In my hands-on of Crash Bandicoot 4: It’s About Time, I found that it’s definitely shaping up to be a true successor the original Crash trilogy. Even having only played three of the game’s levels, I was already quite impressed with how it played, as well as the interesting level design and incredibly challenging difficulty.

While the game is being made to satisfy long-time Crash Bandicoot fans, developer Toys for Bob is also making this game more accessible to players that are new to the series. How you might ask? Well, I got to ask exactly that to Toys for Bob producer Lou Studdert.

We wanted to build a game that both appealed to brand new players, as well as, you know, diehard fans of the franchise,” said Suddert. “And so what we’ve done in the game is really paid a lot of attention to bringing new players into the fold, introducing characters, gameplay elements, and just teaching the skills that you’re going to need to grow into the game. So, we think it’s a great starting point for any crash fan.

One of the reasons that the original Crash trilogy (or even the N.Sane trilogy remakes) can be difficult for new players is that there are some major difficulty spikes. While hardcore platforming game fans often welcome these challenges, these can turn off newer players from completing certain levels.

To combat this, the developers are focusing on level design that teaches basic concepts and new gameplay elements first before introducing challenges that combine all these mechanics. Basically, levels teach players the necessary skills before challenging them with a difficult section.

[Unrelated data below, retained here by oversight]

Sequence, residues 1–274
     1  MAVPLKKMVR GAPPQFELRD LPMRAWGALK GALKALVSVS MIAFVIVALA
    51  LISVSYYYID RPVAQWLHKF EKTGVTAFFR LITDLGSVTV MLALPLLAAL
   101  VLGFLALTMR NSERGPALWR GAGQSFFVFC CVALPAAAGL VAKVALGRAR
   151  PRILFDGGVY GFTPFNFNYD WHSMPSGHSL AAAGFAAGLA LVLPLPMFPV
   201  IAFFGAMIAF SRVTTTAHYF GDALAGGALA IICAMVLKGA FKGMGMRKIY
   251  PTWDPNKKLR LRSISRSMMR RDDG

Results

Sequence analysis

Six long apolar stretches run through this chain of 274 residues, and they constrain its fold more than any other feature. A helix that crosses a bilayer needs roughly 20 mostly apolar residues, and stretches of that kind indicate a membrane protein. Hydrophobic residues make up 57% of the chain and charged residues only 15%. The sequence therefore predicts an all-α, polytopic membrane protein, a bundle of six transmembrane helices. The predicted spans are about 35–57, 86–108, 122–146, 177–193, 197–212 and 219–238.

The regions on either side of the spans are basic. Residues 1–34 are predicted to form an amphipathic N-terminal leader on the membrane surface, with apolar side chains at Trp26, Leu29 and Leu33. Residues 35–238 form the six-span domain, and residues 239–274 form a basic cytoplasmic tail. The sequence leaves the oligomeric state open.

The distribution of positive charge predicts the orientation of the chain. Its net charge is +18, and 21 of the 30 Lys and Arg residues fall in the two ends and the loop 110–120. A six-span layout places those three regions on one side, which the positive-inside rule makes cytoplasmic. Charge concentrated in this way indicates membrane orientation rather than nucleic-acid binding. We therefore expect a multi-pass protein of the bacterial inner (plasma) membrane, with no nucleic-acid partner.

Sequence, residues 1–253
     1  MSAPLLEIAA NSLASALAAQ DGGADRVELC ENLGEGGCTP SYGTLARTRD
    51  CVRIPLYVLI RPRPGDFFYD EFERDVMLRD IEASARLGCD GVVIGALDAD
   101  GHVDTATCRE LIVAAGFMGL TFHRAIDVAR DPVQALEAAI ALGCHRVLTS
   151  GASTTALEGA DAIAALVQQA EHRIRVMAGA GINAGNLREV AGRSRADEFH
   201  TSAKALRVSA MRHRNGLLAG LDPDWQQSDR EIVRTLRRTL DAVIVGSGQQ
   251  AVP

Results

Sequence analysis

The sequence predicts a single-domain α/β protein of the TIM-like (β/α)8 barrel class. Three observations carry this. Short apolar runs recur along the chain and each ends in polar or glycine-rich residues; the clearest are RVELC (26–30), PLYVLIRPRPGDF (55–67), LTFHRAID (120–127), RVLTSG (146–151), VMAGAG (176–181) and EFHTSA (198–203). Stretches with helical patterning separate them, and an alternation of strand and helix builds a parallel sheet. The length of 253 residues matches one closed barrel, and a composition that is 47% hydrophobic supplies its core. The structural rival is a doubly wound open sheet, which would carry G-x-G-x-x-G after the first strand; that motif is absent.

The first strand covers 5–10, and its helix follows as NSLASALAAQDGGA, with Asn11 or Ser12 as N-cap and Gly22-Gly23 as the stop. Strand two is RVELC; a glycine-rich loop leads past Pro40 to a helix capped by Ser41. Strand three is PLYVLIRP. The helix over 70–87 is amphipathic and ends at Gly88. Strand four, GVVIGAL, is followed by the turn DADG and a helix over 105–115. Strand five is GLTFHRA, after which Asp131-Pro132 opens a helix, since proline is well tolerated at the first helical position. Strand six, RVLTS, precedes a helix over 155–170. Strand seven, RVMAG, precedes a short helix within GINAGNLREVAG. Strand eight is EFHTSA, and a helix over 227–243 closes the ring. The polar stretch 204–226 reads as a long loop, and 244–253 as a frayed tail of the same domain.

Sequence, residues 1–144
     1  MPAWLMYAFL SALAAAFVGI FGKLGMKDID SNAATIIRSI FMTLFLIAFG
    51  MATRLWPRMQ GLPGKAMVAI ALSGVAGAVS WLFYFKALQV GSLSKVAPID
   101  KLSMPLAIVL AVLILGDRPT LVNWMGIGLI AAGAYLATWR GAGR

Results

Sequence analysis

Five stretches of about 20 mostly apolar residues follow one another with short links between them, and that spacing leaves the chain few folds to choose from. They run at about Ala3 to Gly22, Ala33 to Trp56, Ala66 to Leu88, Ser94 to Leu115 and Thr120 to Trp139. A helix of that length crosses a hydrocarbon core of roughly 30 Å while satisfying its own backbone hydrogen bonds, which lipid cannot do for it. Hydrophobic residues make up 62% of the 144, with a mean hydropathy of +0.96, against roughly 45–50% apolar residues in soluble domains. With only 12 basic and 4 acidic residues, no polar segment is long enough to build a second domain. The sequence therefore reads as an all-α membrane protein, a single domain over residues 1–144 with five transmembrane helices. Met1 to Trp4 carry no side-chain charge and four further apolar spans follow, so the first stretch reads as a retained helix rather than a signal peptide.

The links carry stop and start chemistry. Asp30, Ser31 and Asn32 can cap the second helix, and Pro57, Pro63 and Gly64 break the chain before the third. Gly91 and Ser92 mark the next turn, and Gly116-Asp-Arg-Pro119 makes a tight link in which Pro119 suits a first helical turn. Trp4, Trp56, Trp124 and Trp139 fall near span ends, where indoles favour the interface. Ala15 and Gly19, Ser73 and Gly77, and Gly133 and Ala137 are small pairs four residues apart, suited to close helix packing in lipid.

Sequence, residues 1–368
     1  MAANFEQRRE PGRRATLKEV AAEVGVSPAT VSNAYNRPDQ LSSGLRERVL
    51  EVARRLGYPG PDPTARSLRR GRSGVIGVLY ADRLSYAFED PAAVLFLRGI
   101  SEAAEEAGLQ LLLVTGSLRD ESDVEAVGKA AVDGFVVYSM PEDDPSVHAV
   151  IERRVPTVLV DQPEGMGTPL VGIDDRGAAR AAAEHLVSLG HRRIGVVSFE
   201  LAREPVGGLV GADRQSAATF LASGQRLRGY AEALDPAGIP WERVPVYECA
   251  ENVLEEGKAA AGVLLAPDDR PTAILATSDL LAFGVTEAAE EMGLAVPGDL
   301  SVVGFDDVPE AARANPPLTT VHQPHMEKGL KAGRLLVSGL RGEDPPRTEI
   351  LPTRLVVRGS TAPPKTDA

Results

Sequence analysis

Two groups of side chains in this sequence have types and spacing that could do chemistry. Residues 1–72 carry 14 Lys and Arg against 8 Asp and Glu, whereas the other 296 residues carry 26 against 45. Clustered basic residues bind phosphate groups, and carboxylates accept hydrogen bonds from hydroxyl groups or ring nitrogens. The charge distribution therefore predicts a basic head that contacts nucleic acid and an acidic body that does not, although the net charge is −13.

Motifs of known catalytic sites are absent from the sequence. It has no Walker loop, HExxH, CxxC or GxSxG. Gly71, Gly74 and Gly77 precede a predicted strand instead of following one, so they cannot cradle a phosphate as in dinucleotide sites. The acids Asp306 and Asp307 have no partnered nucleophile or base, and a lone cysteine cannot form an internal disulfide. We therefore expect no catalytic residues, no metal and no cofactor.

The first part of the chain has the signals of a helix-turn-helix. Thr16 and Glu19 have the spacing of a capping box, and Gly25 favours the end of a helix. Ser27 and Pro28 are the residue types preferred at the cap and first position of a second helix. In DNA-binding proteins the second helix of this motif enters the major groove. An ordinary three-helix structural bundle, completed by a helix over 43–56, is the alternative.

From the levels that I played in my hands-on with the game, I can confirm that this level design philosophy helps so much in making the game’s difficulty feel more gradual. Because of this, the Crash 4 levels I played never felt frustrating, even when I was faced with tough platforming sections.

A Death counter replaces the lives counter at the upper right side.

Aside from how levels are designed, another way that Toys for Bob is making the game more newbie-friendly is through the addition of the Modern mode. When in this mode, players will have unlimited lives, meaning they can repeat a section as much as they can without the fear of having to restart the level.

Modern mode won’t be the only way to play Crash 4 though, as the game also has Retro mode which works pretty much like other Crash games, with players only having a limited amount of lives.

The great thing about these two modes is that players can switch between them easily. This means players who find Retro mode a bit too difficult for a level can switch to Modern; on the flip side, if Modern mode is too easy, players can try our Retro mode. Best of all, Studdert has confirmed that game progress won’t be affected when switching between modes:

You’ll be able to choose that at the very start of the game between modern and retro. And then from that point on, you are able to change it in a pause menu on our dimensional map, which is our world map, as you’re selecting your levels. And it won’t change your progression in the game. It won’t change your collection ratings or anything like that. So you have the ability to choose between modern and retro at will.

Thanks to the developers’ level design philosophy and the addition of Modern mode, Crash Bandicoot 4 might just be the most accessible game in the series yet for new players. Make no mistake though, this does not mean Crash Bandicoot 4 will be a walk in the park for seasoned Crash veterans.

For the Crash diehards out there, we have a ton of content that you’re going to be able to dive deep into and really put those skills to the test,” added Studdert.

Crash Bandicoot 4: It’s About Time releases for the PS4 and Xbox One on October 2, 2020.

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